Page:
- Emerson Powery (adapted)
That triggered a response from one of the guests: “How fortunate the one who gets to eat dinner in God’s kingdom!” Jesus followed up. “Yes. For there was once a man who threw a great dinner party and invited many. When it was time for dinner, he sent out his servant to the invited guests, saying, ‘Come on in; the food’s on the table.’ “Then they all began to beg off, one after another making excuses. The first said, ‘I bought a piece of property and need to look it over. Send my regrets.’ “Another said, ‘I just bought five teams of oxen, and I really need to check them out. Send my regrets.’ “And yet another said, ‘I just got married and need to get home to my wife.’ “The servant went back and told the master what had happened. He was outraged and told the servant, ‘Quickly, get out into the city streets and alleys. Collect all who look like they need a square meal, all the misfits and homeless and wretched you can lay your hands on, and bring them here.’ “The servant reported back, ‘Master, I did what you commanded—and there’s still room.’ “The master said, ‘Then go to the country roads. Whoever you find, drag them in. I want my house full! Let me tell you, not one of those originally invited is going to get so much as a bite at my dinner party.’”
- Luke 14.15-24 (The Message)
In the biblical tradition, grace and compassion have long been imaged through the ancient customs of hospitality and table fellowship. One could pass over stories about shared meals as incidental, but this would be a mistake. Table fellowship is especially significant in the gospels, because it provides insight into Jesus’ teaching and convictions.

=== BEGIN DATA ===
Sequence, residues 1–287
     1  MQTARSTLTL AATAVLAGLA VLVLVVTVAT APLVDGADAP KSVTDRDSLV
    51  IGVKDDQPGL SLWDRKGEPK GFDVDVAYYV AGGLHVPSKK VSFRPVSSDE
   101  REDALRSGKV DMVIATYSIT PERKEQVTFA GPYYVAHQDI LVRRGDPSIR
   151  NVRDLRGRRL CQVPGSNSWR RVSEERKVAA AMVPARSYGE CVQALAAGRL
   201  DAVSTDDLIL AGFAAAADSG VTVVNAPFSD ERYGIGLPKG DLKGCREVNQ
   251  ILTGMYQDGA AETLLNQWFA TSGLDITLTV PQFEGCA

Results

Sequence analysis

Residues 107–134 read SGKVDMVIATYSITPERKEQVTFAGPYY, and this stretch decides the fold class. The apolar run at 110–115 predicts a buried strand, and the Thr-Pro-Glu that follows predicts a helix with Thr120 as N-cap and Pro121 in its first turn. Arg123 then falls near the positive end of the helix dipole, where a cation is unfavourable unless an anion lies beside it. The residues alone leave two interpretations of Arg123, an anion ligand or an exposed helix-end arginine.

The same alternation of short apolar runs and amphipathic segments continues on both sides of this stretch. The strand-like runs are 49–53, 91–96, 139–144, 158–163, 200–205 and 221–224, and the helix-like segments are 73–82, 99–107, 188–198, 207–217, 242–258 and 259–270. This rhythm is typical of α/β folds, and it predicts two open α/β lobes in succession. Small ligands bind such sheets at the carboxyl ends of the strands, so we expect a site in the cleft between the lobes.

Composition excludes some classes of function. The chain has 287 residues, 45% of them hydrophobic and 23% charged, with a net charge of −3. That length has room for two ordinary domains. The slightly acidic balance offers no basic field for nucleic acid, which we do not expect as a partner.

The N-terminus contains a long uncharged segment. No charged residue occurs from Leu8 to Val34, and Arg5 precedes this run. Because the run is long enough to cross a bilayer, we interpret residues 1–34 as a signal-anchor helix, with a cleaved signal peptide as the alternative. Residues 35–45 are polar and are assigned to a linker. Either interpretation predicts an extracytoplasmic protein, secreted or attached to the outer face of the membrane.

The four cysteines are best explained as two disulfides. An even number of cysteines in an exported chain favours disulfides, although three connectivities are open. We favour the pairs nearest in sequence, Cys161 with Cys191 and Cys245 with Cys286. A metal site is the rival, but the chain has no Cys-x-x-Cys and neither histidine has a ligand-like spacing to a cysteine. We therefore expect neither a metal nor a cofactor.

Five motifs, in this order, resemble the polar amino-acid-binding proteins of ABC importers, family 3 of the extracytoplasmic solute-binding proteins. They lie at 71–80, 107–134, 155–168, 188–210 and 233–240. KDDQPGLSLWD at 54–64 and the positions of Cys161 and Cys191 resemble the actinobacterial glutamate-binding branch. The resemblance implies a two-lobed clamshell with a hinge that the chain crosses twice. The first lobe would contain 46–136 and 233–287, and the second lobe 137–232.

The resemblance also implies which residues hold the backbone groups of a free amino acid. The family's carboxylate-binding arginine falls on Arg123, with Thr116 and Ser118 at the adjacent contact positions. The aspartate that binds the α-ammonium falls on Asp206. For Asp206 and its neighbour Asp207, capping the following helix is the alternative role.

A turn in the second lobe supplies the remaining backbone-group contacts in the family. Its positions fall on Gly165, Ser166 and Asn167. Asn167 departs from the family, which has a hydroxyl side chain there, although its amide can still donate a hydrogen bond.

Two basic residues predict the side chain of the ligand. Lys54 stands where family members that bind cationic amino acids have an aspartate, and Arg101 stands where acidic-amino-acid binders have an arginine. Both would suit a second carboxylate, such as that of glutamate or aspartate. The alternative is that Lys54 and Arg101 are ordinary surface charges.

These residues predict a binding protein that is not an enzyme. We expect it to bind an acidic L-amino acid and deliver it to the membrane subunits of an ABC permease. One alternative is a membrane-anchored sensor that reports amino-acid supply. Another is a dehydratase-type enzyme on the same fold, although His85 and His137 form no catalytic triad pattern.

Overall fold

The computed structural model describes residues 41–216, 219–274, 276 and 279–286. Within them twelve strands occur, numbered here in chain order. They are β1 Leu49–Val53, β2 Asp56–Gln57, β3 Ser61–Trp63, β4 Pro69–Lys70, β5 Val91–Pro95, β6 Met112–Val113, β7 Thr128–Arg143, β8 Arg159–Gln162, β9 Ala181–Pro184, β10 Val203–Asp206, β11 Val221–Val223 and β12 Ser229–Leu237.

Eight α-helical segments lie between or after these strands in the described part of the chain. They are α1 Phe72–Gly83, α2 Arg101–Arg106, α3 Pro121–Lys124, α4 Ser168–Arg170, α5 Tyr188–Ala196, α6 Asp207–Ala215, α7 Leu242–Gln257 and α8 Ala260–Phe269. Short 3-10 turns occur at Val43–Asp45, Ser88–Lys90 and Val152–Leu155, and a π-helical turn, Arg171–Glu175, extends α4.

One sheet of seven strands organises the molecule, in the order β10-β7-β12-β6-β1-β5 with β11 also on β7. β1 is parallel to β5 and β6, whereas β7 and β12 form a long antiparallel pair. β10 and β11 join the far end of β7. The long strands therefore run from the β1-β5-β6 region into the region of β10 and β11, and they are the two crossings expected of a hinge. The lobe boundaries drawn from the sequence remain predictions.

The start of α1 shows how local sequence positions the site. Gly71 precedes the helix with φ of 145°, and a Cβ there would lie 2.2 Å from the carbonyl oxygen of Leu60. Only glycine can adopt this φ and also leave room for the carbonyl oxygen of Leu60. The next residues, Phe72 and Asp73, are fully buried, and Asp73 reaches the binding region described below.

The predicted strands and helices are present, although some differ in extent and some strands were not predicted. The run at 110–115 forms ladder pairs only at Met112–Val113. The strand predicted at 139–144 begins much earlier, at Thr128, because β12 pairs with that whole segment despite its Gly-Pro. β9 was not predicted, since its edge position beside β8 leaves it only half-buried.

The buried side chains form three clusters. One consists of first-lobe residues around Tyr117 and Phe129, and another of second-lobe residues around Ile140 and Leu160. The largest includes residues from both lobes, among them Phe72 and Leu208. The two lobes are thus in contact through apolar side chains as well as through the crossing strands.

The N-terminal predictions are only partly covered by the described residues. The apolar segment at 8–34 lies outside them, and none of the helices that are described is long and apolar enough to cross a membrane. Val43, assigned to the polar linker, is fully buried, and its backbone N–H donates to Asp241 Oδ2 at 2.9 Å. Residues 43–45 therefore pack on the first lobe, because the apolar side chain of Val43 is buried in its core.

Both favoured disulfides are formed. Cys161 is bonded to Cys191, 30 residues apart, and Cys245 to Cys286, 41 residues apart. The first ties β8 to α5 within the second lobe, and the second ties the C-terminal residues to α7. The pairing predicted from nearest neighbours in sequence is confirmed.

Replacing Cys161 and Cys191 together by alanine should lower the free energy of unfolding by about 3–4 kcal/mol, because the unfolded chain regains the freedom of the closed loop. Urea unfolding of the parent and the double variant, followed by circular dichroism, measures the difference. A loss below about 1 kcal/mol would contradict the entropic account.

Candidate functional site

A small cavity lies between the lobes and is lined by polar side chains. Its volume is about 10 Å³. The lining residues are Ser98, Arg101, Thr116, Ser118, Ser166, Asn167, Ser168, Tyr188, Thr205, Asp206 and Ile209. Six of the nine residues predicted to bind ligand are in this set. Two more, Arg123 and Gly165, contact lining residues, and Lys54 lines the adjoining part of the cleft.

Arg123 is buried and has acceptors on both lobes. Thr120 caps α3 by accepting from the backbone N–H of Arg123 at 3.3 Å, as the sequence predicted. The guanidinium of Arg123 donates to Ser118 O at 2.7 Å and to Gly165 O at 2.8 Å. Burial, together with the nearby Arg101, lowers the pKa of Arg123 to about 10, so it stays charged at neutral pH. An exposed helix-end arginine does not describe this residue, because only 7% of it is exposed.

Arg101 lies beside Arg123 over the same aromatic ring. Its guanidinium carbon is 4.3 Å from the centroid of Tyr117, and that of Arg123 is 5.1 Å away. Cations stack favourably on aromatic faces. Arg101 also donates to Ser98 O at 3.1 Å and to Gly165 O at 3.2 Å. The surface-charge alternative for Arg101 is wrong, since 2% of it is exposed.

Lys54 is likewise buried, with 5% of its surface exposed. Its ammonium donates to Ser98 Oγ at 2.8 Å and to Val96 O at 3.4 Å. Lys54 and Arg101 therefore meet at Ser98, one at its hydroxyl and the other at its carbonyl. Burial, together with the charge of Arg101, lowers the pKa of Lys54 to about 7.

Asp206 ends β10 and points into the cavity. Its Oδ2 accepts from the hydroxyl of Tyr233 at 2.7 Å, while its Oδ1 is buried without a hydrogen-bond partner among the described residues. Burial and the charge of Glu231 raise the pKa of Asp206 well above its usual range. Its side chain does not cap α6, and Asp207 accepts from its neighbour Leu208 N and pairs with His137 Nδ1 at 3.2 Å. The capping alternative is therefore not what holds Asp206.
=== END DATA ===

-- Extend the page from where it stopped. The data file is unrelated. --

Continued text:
This is why we have chosen table fellowship as the theme of our Lenten sermon series, The Compassionate Table of Jesus. As we examine several narratives of Jesus sharing meals with everyone from Pharisees to those on the fringe of society, we will hopefully glean insights into the nature of grace and compassion, and how they should impact the way we live our faith.
We will begin this Sunday with a consideration of Luke’s parable of the great dinner party (or, the feast) in chapter 14. I don’t want to give away all of my thunder, so I will offer a challenge for you. As you reflect on the parable between now and Sunday, seek to identify those who are worthy of a seat at God’s welcome table, or if worthiness has anything to do with it; and seek to identify what insights are given into the scope of grace and compassion. You might do this in Lectio Divina style (Divine Reading) meditating on each of the above questions as you read through the passage several times. On Sunday, we will compare the fruits of our efforts. I hope to worship with you then.